Unlike individualistic societies the decision making in a large collectivistic society is a group effort where the individual is not just solicited but sometimes coaxed to make choices against his or her will. For instance, in India students make conscious decision choices in terms of their career whether to go for a conventional form of education fetching them a degree and a secured job or being more of a gambler to pursue something they know they can ace despite of the resource constraint. Unfortunately, not many are guided well and get lost in the rat race. India has highest youth suicide rate and being the most common reason of death among age group 15-29 and 15-39 years. On an average 28 student lives are lost every day with the suicide rate being slightly more than one student per hour Lancet (year 2012). Age standardized suicide rate among men is higher than that of women as per WHO in India which is 25.8 to 16.4, respectively. (WHO,2012). According to Mrugesh Vaishnav, President of the Indian Psychiatric Society, Stress, anxiety disorder, depression and personality disorders result in mental illness driving a student towards suicide. This happens when the students are not familiar or satisfied with his or her surroundings, besides, relationship breakdown is another leading cause. (The Hindu, Jan 2020)
In US as well, the youth suicide rate has increased threefold in the last 50 years although the highest youth suicides happen in Lithuania followed by Ecuador and Chile. (Insider Monkey, Jan 26, 2017). While the settings and scenarios will be different in the case of an individualistic country but overall, this is majorly due to financial and emotional distress coupled with the undue pressure to outperform. As we progress, we see individuals with varied aims making conscious choices and some young married couples are also choosing not to have children to fulfil their other wants.
The rising competition specially in developing countries has also led to brain drain. It makes risk averse individual pursue those opportunities that are way more promising than their homeland’s. While this has led to attraction of good talent for the desired role it has also given rise to the fear of xenophobia and alien race. The recent movement of Black Lives Matter throws light on the incident that there is still irrational fear and hatred that fuels racism. All these can be traced to the constraint people face daily that lead them to contest for the scarce resources blurred by preferences for their own kind (race or countrymen).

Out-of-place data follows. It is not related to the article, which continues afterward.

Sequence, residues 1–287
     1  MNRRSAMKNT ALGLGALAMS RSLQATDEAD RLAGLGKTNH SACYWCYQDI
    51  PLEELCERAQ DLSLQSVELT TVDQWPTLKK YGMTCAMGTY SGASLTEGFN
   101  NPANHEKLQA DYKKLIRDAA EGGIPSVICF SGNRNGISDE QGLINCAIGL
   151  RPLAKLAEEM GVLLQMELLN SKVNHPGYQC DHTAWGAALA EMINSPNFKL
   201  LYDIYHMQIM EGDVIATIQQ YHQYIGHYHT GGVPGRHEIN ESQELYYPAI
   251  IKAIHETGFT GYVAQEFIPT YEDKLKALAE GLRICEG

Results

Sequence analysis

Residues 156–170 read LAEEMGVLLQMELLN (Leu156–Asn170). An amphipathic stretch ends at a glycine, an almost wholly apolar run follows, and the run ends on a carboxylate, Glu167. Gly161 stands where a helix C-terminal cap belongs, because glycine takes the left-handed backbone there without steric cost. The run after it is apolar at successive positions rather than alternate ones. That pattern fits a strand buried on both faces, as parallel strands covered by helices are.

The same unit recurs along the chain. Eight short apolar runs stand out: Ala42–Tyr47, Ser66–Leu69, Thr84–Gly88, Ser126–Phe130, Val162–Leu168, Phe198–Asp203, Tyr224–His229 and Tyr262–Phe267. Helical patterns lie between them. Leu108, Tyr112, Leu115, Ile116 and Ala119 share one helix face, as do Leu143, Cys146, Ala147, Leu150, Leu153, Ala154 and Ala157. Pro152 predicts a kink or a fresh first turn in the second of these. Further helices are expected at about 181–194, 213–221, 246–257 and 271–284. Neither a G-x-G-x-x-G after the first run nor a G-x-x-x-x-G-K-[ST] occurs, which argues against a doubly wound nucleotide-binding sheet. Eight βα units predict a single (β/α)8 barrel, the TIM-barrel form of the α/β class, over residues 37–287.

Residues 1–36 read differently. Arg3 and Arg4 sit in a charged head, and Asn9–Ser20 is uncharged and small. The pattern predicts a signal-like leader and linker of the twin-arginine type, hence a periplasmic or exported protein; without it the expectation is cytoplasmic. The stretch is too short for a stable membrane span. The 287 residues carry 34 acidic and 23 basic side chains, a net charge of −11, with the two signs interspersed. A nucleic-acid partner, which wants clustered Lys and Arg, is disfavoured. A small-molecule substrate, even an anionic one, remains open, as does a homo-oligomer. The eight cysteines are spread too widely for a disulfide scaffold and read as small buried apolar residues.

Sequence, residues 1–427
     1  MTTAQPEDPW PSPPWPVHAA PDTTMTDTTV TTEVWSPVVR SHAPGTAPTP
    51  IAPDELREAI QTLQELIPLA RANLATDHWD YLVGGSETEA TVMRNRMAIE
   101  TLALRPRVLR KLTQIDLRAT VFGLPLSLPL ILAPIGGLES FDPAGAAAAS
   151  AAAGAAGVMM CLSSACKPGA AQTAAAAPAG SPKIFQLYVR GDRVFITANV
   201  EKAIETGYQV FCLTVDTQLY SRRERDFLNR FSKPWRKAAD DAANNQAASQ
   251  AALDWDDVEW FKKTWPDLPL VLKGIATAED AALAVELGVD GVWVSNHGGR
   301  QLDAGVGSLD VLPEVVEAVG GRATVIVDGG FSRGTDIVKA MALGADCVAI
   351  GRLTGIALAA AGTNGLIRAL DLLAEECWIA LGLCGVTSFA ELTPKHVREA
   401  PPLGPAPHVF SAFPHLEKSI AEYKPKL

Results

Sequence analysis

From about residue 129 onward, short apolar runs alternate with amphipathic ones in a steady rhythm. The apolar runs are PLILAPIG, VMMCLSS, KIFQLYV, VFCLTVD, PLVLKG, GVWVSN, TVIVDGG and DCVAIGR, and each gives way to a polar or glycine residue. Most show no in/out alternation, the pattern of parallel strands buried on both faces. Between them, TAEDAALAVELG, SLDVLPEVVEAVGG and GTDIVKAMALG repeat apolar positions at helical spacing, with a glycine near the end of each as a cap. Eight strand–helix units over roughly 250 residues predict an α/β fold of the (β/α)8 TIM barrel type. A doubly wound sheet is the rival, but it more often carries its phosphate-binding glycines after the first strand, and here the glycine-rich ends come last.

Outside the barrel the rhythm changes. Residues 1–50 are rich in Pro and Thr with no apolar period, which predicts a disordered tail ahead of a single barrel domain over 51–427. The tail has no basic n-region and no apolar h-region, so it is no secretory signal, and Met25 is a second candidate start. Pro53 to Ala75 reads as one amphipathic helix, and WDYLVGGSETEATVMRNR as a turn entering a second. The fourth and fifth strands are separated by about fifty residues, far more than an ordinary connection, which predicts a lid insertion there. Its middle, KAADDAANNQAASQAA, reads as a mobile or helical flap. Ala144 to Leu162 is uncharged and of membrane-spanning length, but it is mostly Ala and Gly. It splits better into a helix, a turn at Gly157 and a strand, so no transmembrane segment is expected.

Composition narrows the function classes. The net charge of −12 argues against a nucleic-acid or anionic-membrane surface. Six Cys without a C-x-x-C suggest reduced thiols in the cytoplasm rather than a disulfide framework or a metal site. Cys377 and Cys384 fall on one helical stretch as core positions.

I believe the young people at least the millennials like me are quite blessed to see it all – the old rustic days of the no internet era of the late 80s and 90s to the current days where every information is at our disposal at matter of one click. We indeed have seen the best and probably the worst and trying to paddle through the new normal amidst the pandemic. What we can do is relish the gift of the past for a good long time which is no doubt the biggest advantage of being young. To be able to reap the benefits more than the generation who has been responsible in providing those gifts and pass on a better although an irreversible aging world that can sustain and nurture the youth of tomorrow.

Overloaded circuits: Why smart people underperform, Harvard Business Review Press, Edward Hallowell, 2005
Gender differentials and state variations in suicide deaths in India: The Global Burden of Disease Study 1990–2016″. Lancet. 1 October 2018. Retrieved 20 October 2018.
Suicide Rates – Data by country. World Health Organization 2012. Retrieved 30 November 2015.
Student suicides rising, 28 lives lost every day, Shuvabrata Garai, The Hindu, Jan 29, 2020.
10 Countries with The Highest Youth Suicide Rates In The World, TY Haqqi, Insider Monkey, Jan 26, 2017